Canadian Cancer Society youth advocates at TIFF to butt smoking out of movies

07 September 2013

TORONTO -

Youth advocates at TIFF.Youth advocates from across Ontario are at the Toronto International Film Festival today to call for action on smoking in youth-rated movies.

The youth will invite TIFF movie-goers to pose on a red carpet with a movie-themed backdrop to have their photos taken celebrity-style while raising awareness about the need to change Ontario’s film rating system. The red carpet is located near the intersection of King and Simcoe streets outside of St. Andrew’s Church.

“We know that the more youth see smoking in movies, the more likely they are to try smoking,” says 17-year-old Shadi Mousavi Nia of Richmond Hill. “The tobacco industry knows if they don’t get youth to try smoking before the age of 18, chances are they never will. We don’t want our generation to become smokers.”

The youth advocates will also ask for support for smoke-free youth-rated movies in Ontario by collecting signatures on postcards and online. Ontarians can show their support for smoke-free movies at takeaction.cancer.ca/smokefreemovies

“Tobacco companies are no longer allowed to directly market their products to young people through media such as TV, radio and print. It’s a problem that actors are lighting up on the silver screen because it displays tobacco use as more popular than it is. In reality, 16% of adults and 9% of youth smoke in Ontario” says Nicole McInerney, Senior Coordinator Public Issues.

The Canadian Cancer Society is calling on the Ontario Film Review Board to make changes to its movie rating system so that any new movies that have smoking scenes are rated 18A. This would ensure that all movies in Ontario rated for children and teens (G, PG and 14A) are smoke-free.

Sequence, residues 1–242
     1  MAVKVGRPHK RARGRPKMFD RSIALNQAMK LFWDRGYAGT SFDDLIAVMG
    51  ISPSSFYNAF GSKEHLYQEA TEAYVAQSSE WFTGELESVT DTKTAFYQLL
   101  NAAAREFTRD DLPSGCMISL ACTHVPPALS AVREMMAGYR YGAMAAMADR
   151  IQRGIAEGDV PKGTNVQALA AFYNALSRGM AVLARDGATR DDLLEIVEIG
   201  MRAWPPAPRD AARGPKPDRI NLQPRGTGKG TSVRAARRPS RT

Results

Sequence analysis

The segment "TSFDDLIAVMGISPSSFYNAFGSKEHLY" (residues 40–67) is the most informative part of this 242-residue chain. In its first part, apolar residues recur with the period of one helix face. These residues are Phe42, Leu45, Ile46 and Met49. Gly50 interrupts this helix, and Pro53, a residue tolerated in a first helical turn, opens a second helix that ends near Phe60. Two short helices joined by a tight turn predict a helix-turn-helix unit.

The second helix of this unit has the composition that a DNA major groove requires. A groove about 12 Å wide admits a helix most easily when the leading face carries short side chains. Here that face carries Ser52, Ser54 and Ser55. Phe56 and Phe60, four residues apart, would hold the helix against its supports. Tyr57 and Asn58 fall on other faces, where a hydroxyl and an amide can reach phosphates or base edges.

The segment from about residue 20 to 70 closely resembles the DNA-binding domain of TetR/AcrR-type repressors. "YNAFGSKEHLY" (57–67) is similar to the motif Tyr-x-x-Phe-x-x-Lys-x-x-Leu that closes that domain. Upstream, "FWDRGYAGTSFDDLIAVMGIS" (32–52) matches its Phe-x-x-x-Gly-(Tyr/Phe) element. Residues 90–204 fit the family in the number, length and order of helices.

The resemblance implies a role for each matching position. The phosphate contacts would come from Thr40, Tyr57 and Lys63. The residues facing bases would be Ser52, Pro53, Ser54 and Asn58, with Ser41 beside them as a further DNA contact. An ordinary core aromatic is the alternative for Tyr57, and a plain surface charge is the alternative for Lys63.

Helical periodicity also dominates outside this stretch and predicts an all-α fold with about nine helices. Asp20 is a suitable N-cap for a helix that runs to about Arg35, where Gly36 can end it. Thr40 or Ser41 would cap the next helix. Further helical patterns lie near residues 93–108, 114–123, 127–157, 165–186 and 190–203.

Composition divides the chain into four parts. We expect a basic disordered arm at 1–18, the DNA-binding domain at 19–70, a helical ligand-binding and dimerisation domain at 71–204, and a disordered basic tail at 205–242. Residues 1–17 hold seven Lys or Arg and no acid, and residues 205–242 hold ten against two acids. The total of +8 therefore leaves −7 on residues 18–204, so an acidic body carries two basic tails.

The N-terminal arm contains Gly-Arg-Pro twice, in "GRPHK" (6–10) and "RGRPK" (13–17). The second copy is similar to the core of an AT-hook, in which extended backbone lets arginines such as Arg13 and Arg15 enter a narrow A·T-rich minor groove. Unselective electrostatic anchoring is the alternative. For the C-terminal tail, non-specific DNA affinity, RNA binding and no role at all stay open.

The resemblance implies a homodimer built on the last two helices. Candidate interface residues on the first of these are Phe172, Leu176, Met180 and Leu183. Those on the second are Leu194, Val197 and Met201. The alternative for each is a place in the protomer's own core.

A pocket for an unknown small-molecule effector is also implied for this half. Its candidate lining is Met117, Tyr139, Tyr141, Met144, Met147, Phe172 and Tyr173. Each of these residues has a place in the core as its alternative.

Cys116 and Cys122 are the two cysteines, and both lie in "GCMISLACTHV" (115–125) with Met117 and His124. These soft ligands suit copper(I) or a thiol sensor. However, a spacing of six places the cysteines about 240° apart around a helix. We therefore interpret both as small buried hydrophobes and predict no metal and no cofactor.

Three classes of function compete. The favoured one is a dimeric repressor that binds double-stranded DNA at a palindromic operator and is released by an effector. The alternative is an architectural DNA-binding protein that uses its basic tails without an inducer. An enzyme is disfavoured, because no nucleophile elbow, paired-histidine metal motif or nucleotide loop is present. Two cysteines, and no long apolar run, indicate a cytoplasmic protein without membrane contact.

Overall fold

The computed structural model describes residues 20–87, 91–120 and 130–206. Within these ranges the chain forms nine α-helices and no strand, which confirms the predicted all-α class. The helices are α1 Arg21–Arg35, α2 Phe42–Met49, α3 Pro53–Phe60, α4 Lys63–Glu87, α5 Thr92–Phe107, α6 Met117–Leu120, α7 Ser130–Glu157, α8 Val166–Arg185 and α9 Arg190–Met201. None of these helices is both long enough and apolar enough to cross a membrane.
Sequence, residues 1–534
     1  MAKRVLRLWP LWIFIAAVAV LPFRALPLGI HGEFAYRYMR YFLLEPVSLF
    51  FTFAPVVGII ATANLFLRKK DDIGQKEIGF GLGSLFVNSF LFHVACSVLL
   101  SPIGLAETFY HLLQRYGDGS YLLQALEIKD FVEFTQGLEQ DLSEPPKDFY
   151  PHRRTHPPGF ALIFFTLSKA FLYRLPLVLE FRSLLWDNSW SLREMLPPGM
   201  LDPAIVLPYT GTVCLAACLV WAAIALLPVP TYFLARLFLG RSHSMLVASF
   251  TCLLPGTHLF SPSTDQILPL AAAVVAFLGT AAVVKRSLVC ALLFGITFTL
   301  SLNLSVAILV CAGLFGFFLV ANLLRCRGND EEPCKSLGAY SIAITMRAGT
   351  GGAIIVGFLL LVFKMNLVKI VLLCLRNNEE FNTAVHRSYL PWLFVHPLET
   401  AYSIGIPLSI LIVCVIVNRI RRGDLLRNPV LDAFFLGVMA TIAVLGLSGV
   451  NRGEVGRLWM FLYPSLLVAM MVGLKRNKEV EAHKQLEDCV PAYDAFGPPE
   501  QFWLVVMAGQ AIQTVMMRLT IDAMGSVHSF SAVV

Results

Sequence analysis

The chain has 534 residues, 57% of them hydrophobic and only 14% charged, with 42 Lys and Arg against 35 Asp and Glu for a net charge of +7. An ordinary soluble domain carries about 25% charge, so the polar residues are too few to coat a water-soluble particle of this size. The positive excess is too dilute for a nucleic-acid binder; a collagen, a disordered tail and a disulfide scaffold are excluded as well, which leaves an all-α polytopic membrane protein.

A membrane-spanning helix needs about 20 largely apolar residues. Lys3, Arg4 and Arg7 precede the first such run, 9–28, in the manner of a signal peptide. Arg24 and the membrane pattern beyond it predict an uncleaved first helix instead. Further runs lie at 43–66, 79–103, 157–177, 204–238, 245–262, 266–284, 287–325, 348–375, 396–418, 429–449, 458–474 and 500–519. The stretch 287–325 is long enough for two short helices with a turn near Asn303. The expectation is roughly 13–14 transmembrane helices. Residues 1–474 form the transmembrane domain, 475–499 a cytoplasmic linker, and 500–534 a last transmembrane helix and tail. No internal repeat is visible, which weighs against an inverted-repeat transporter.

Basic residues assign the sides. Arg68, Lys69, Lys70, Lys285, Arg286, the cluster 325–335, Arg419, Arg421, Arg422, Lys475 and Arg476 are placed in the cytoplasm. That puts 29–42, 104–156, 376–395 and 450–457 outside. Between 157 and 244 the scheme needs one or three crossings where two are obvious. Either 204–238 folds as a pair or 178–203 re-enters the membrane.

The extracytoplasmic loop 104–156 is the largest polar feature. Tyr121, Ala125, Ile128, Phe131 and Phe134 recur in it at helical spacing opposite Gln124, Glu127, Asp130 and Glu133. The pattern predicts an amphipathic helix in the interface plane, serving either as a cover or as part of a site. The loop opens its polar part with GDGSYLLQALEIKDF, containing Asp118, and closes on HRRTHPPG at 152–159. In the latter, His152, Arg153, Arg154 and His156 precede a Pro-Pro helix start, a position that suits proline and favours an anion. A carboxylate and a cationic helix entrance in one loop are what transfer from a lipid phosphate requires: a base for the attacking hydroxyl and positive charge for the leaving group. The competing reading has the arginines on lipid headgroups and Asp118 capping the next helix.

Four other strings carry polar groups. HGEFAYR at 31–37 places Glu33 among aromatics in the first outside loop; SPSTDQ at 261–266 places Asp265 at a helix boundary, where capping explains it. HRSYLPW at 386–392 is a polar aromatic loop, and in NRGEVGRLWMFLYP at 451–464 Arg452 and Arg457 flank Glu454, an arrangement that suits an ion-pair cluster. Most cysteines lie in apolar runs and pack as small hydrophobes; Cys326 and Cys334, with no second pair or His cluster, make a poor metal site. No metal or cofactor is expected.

Fast facts

  • Nearly 90% of smokers start before the age of 18.
  • 30% of cancer deaths and 85% of lung cancer deaths are caused by tobacco use.
About Canadian Cancer Society youth advocates

Canadian Cancer Society youth advocates are between the ages of 14-24 and are dedicated volunteers committed to engaging their peers and the greater community as cancer fighters on issues such as smoking in movies, flavoured tobacco and indoor tanning that impact youth. Youth use their voices and creativity to speak up to further the Society’s advocacy efforts aimed at policy change at the provincial level of government.

The Canadian Cancer Society (CCS) is the only national charity that supports Canadians with all cancers in communities across the country. No other organization does what we do; we are the voice for Canadians who care about cancer. We fund groundbreaking research, provide a support system for all those affected by cancer and advocate to governments for important social change.

Help us make a difference. Call 1-888-939-3333 or visit cancer.ca today.

For more information, please contact:

Justin Edmonstone

Public Affairs

Canadian Cancer Society

Ontario Division

Phone: 416-323-7026